Going back to the beginning, watching The Original Series, has reaffirmed my dedication to Star Trek. I see why it was my gateway drug to science fiction. The characters are completing. The stories stand up far better than their television contemporaries. The acting is superb. Even Shatner – God bless his overacting soul – acts just as Kirk should. I could go on for days about Gene Roddenberry’s vision and how the show influenced entertainment and culture. Little can be said on the topic which has not been said, studied and documented by fans and scholars.

It is rather the intimate aspect of being a fan – I self identify as a Trekkie – I wish to discuss. Being a fan, as apposed to simply liking something, means whatever you are fanatical about never gets old. What you love shapes how you look at the world. With Star Trek, the morality behind the story is part of the appeal. Not only respecting other races and cultures, but looking at problems through the prism of logic and science are Star Trek values. I have always said I can’t be raciest (any other type of bigot, for that matter) because I’m a Trekkie.

I have watched Star Trek: The Original Series since I was a kid. My family watched reruns after dinner. The Next Generation came out and my second grade friends at school thought Wesley Crusher was dreamy. My heart always belonged to TOS and Spock, but I was glad my obsession wasn’t as weird thanks to the modern version. I thought about the characters and wrote myself into the script in my head. I remember crafting a communicator out of a paper plate. Not the most typical imaginative play, no?

As the years passed, I spent less time watching Star Trek. I don’t know why, but my family didn’t finish watching The Next Generation in first run. I have theories. With only one television in the house programing competed with Nintendo. Dad loves video games, nuff said. I retreated more into books for entertainment and company.

My best friend Kate and I had Star Trek – specifically Star Trek loving moms who passed along their passion – in common. When we meet, two short blonde sixth graders living in Navy housing in Hawaii, Star Trek it was like finding as sister. Her mom had stacks of paperback Star Trek novels against the mirror on her dresser and a deep love for Captain Kirk. I admired the dedication and loved having someone to discuss Spock, McCoy and the others with. Oddly enough, I don’t believe in the two years we spent practically living in each other’s homes we ever watched Star Trek together. It was Quantum Leap repeats on USA in the wee hours of the morning and Indiana Jones on VHS until we could sing “Anything Goes” in Mandarin.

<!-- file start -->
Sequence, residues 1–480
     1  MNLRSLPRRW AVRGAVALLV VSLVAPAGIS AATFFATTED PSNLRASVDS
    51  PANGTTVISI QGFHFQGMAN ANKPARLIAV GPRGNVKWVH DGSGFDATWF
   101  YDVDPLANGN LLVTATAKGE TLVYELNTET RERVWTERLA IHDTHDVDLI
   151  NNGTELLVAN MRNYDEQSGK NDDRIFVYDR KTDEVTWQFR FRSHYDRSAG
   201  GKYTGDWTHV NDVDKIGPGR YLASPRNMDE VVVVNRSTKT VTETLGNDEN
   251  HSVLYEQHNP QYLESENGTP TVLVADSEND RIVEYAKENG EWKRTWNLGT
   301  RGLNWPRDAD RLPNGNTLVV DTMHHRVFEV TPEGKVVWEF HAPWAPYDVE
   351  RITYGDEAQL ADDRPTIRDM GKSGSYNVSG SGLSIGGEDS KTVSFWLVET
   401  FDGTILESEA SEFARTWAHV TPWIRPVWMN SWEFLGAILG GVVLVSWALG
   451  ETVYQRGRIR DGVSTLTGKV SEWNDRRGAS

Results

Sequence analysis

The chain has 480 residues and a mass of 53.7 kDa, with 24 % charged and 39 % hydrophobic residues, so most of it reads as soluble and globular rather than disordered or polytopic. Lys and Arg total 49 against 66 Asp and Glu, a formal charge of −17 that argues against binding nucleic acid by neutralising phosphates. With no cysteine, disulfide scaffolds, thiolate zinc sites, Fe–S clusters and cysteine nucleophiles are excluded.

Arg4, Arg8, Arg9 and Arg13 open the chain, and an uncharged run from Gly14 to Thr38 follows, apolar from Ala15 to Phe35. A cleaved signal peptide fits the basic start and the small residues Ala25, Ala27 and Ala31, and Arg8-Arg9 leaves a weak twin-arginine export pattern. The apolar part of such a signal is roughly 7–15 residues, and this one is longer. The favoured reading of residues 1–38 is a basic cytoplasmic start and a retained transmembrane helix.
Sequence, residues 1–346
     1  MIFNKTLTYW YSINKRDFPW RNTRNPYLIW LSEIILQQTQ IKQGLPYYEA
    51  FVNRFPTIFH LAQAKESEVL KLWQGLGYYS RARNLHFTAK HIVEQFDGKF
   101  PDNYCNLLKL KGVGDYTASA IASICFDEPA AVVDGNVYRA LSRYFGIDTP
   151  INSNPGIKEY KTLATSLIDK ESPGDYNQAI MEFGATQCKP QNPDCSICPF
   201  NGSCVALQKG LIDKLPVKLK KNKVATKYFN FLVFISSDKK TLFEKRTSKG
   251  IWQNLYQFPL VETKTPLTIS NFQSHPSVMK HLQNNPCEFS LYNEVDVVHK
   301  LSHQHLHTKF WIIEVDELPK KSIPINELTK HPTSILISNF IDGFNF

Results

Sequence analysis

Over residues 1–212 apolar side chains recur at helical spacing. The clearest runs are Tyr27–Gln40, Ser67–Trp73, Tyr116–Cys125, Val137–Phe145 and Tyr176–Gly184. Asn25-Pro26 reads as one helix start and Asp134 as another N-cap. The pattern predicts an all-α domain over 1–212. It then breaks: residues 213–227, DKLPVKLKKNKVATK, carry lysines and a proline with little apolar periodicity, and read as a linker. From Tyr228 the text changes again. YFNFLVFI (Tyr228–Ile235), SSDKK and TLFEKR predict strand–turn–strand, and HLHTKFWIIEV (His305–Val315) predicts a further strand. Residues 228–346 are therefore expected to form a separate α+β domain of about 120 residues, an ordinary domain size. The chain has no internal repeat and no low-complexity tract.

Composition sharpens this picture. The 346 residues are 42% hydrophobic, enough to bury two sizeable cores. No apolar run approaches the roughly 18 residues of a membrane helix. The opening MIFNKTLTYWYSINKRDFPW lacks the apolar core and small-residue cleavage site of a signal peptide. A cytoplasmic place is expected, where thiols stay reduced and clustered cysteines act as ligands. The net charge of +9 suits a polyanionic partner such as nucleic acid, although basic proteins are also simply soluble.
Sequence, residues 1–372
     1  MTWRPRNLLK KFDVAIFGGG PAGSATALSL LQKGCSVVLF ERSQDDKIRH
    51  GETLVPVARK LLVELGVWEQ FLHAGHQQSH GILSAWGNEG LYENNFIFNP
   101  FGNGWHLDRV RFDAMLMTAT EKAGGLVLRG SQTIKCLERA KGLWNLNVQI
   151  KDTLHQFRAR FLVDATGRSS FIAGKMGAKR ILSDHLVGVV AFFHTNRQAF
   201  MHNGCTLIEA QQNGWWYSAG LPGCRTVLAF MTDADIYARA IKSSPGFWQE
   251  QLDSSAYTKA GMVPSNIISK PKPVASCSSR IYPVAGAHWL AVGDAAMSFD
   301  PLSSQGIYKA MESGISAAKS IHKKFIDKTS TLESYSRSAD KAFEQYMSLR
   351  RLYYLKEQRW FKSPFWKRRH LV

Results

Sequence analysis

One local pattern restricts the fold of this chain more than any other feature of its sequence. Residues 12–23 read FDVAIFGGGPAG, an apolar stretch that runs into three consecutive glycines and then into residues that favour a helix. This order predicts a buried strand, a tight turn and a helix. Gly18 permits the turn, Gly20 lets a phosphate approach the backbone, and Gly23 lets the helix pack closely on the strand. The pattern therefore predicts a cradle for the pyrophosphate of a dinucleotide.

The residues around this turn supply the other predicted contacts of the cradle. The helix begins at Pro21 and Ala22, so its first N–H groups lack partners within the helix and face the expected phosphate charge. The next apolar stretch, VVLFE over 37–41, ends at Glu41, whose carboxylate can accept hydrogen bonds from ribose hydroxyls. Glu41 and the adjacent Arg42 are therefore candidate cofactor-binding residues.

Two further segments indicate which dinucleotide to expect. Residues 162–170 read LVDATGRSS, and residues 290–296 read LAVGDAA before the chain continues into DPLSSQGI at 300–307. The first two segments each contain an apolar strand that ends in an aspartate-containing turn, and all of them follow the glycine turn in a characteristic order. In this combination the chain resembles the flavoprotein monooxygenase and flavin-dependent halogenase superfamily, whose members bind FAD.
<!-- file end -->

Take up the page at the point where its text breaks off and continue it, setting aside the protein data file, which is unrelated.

In my teens I read classic science fiction. Issac Asimov and Robert Silverberg primarily. One could spend ages reading Asimov without making it through his extensive catalog. I didn’t come close.

I grew up, married a non-geek (I know, what was I thinking?), went about my business. I read romance, crime, whatever books came to hand, watched Law & Order and documentaries. I didn’t deliberately avoid Star Trek and science fiction, but didn’t seek it out either. One could argue the problem with that period of my life is I didn’t seek out what I loved and what makes me happy, but I digress.

A few years ago, three maybe now, I let Kate pick out a handful of Star Trek novels for me at the annual YMCA booksale in St Louis and I filled my DVR with various incarnations of Star Trek. Worth mentioning, too, is the 2009 reboot which pleased me greatly. I don’t recall which came first, but, as the cliche goes, the rest is history.

I won’t be going years without Star Trek again. Might go days or weeks, but never years. I haven’t seen every episode of Deep Space Nine, so my October and beyond program choices are sewn up. It’s all rewatchable for pure pleasure and for noticing details. Best of all, I love finding connections between the various stories and crews. I smile every time it crosses my mind how horrified McCoy would have been to see Dr Phlox using leeches and worms in Sickbay.

It is no coincidence Chris and I can sit around for hours watching Star Trek together. Our first messages back and forth, around a year ago now, centered around our mutual love of Trek. He was preparing for Dragon*Con, putting the finishing touches on his Klingon costume. I was planning a pilgrimage – yes, a pilgrimage – to see Captain Kirk’s chair at the Science Fiction Hall of Fame in Seattle before leaving for South Carolina.

Any wonder we’re planning a Klingon wedding?